Access your Pro+ Content below.
CISOs face third-party risk management challenges
This article is part of the Information Security issue of October 2018, Vol. 20, No. 5
The Options Clearing Corp. in Chicago runs one of the largest equity and derivatives clearinghouses in the world. Major trades don't get finalized until they have been cleared by the OCC. So the company's fundamental purpose depends on creating secure relationships between all the parties in a trade. With so much riding on the security of the OCC's IT systems, maintaining third-party risk management and strong relationships to prevent bad actors from sneaking in and stealing important financial data has become more important than ever. Mark Morrison, senior vice president and CSO at OCC, said the equity derivatives exchange has tightened up its access management policies with third parties in the past several months. "Moving forward, companies can't just come into our system remotely," Morrison said. "We set up a system so the third party has to authenticate itself every time it comes onto our network." Mark Morrison Morrison added that CISOs should request their critical third-party partners conduct an independent assessment of...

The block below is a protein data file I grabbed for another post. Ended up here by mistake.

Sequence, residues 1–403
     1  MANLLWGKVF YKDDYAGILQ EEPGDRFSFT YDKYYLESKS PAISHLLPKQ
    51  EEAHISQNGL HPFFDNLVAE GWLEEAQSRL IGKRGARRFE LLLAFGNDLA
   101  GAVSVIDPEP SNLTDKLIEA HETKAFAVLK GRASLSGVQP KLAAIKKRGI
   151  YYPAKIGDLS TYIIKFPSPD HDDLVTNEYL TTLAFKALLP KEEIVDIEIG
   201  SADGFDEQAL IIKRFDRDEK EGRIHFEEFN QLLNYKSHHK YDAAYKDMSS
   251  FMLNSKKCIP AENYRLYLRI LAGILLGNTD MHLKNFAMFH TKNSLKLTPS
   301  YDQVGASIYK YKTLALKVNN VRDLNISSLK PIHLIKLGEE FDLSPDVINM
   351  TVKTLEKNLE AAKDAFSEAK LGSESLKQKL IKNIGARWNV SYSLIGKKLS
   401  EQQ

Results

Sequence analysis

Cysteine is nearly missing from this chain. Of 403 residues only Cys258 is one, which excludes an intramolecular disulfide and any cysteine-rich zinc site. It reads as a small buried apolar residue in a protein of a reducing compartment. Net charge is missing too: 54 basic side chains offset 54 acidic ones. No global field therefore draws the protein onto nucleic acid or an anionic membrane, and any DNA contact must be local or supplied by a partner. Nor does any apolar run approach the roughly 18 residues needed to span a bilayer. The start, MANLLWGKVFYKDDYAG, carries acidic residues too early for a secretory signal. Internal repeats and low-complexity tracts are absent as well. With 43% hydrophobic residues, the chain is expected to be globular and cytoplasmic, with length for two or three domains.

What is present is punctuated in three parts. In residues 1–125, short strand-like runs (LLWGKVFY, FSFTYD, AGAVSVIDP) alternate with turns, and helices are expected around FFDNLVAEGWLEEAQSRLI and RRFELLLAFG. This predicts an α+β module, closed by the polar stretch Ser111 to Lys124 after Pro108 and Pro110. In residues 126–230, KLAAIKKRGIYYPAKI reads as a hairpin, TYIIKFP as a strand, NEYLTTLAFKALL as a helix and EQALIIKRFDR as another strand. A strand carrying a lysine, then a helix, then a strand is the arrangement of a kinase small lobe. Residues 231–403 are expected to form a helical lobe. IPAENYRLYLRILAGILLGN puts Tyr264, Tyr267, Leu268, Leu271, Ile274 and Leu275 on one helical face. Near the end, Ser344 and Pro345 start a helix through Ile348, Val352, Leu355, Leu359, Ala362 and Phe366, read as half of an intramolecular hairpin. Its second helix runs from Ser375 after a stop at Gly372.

Features in this issue
The power and cost savings associated with software as a service are tempting companies to consider applications for security analytics both on premises and in the public cloud.
Close to 40% of security professionals either know, or have known, a legitimate security practitioner who has participated at some point in black hat activities.
Security professionals understand all too well what's at stake, and that's why more companies look to tighten up security with third parties.
News in this issue
Healthcare security leaders are developing industry best practices for better third-party risk management using common assessment and certification standards.
Columns in this issue
A strategy focused on widespread training and education leads to progress against one of the state's biggest threats, says the Rhode Island CISO.
Russia and other nation-states use application control bypass techniques because they don't "trigger any alarms," the chief hacking officer says.